The plan to convert streetlights is part of the Philadelphia Energy Authority’s campaign to encourage a $1 billion investment in public and private investment over 10 years to create 10,000 jobs. The project is also being promoted by the city’s Office of Sustainability.

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More light, less power

The case for switching to LEDs is a straightforward equation in energy efficiency: They generate more light with less power than conventional lighting.

Some of the city’s high-pressure sodium lights, installed in high-traffic parts of Center City, are rated as high as 400 watts. The majority of sodium streetlights in Philadelphia neighborhoods are 100-watt lamps — Montanez said an equivalent LED light would use 45 watts.

The city is experimenting with installing some LEDs that are brighter than current streetlights as a crime deterrent, said Montanez, though he acknowledged that brighter LEDS will not achieve as much energy savings.

“We have installed the equivalent of 150-watt LEDs in some areas, Kensington and North Philly, high crime areas,” he said. “Both the police and the community have asked us to light it up more than just the 100-watt equivalent.”

Peco said it created the new tariff for smart street lighting — formally, it’s called the SL-C rate — in response to requests from municipalities, including Philadelphia, which is its largest lighting customer.

“We are always conscious of what our customers want, and the city is a big customer,” said Richard A. Schlesinger, manager of retail rates. The utility also worked with the Delaware Valley Regional Planning Commission, which has promoted the conversion of street lighting in suburban communities.

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The new tariff reduces the “location charge," a fixed fee for each streetlight or cluster or lights, while it increases the per-kilowatt charge that Peco charges for delivering energy over its wires. The city hopes the reduction in energy use from the more efficient lights will more than offset the higher cost per kilowatt hour.

The switchover to a smart LED lighting system controlled through a wireless mesh network also opens the possibility that the devices could provide more than illumination, but an interconnected system of security cameras, air-quality monitors, traffic and pedestrian counters, or acoustic gunshot detectors. “The more bells and whistles you put in there, the more it costs,” said Montanez.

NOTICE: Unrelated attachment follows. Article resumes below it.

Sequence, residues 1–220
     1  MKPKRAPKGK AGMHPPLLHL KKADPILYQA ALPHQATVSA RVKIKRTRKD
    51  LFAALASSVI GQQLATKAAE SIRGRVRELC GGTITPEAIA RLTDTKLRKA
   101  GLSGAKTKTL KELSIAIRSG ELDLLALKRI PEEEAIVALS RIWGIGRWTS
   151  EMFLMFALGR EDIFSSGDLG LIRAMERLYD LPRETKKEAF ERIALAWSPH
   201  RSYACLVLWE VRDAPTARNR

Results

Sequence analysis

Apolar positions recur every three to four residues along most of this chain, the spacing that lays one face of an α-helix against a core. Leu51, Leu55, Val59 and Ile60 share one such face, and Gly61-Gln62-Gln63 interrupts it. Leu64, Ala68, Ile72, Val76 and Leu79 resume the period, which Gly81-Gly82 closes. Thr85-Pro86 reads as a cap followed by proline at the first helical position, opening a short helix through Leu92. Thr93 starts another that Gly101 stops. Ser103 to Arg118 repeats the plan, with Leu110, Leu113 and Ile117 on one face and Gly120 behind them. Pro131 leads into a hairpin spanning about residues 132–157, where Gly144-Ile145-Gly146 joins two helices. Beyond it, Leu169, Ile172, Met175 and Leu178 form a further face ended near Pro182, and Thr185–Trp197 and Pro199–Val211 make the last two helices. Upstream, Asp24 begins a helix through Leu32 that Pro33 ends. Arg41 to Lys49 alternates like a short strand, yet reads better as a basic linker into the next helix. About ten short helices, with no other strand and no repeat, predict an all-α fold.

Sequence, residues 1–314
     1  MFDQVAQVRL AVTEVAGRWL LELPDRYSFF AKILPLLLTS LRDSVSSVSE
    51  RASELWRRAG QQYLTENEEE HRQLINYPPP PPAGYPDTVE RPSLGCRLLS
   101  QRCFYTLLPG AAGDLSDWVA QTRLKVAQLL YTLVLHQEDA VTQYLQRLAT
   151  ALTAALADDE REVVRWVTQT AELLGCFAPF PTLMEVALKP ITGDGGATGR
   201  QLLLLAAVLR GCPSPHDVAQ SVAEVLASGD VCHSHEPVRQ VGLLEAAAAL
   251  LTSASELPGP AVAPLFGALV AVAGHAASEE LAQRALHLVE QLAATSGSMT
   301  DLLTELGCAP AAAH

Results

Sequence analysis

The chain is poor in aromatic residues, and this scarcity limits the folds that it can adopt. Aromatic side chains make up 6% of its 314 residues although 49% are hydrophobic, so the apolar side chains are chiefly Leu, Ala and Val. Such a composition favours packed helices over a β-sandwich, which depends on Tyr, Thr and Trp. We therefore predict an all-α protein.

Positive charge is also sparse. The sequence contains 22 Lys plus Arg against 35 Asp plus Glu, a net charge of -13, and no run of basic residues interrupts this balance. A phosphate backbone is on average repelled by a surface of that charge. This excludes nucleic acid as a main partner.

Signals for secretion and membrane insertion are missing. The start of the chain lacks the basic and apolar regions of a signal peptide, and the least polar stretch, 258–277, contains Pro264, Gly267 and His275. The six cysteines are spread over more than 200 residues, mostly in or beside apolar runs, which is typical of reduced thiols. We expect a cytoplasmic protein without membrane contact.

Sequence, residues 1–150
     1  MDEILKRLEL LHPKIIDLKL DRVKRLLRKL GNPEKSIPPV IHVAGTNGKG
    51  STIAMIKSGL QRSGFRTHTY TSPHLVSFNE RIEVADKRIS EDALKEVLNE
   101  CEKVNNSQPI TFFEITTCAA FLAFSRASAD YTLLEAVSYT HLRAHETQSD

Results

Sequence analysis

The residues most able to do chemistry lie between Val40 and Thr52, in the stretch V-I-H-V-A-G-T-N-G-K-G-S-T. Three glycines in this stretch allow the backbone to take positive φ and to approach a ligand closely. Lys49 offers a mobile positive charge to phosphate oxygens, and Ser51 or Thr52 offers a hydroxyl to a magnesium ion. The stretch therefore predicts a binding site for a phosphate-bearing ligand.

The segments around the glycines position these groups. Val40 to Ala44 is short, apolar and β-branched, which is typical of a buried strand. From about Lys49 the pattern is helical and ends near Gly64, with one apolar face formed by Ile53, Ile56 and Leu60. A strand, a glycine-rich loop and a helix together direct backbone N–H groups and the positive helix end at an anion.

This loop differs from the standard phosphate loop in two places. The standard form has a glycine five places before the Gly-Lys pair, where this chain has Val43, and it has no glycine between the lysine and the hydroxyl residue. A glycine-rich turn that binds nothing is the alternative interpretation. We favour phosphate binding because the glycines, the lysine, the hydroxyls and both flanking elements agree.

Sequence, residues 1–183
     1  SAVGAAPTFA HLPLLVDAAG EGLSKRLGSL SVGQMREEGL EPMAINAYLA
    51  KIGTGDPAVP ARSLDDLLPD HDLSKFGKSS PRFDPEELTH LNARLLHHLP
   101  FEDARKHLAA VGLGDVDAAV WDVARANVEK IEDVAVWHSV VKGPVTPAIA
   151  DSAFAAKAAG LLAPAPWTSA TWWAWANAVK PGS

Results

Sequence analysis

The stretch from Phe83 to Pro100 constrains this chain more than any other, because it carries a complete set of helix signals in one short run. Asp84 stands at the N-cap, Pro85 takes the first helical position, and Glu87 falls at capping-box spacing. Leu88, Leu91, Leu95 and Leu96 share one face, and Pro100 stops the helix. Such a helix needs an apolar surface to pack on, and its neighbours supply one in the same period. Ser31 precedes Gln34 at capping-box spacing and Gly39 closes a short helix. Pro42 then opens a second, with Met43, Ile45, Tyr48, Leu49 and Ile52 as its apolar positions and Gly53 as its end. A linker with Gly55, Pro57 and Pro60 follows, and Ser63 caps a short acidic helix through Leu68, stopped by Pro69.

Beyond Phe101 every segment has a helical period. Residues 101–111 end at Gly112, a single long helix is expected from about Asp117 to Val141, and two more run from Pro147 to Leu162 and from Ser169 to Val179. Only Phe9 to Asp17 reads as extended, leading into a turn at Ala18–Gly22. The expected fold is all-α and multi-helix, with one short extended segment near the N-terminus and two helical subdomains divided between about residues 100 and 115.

Color of light

The wholesale changeover of Philadelphia’s street-illumination scheme is not a subject that the city is taking lightly. Officials are bracing for some resistance and debate about the color of the lights deployed — LEDs tend to have a more bluish hue than warm sodium lights.

>> READ MORE: LED lights have made Philly a rainbow by night. So why does our civic lighting fall so flat?

Warm colors may be more desirable in some neighborhoods, while bluish lights might be more compatible with security cameras and law enforcement objectives. The American Medical Association in 2016 warned that high-intensity LED lighting that emits a large amount of blue light could worsen nighttime glare and decrease visual acuity and safety.

“We want to do a little work with neighborhoods to make sure we get feedback from the public," said Christine Knapp, head of the city’s sustainability office. "It’ll be a larger project and have more scrutiny and be a little more complicated to get everybody comfortable with the solution.”

Montanez said that the LED technology is improving rapidly, and that LEDs deployed five years ago were less efficient and more harsh than the lights currently undergoing testing. “The technology is always evolving,” he said. “That’s one advantage to being kind of slow moving on this.”

Some neighborhoods, such as Old City and Chestnut Hill, want warmer lights. “We don’t want to take away a neighborhood’s identity,” he said.

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The city’s aim is to illuminate the public right of way, not private property, he said. “We’ve been on blocks where the individual says, ‘I want the light to stop at the bottom of my step,’ and a neighbor who says, ‘I want the streetlight to light up my keyhole.’ In the same block, you’re getting two different perspectives.”

He also said that preferences vary according to gender. In surveys the city conducted in 2011 after LEDs were installed on some blocks in Northern Liberties, he said that women expressed a preference for brighter LEDs.

“Females like it brighter,” he said. “They want to see who’s coming at them, that there’s no dark shadows to hide behind.”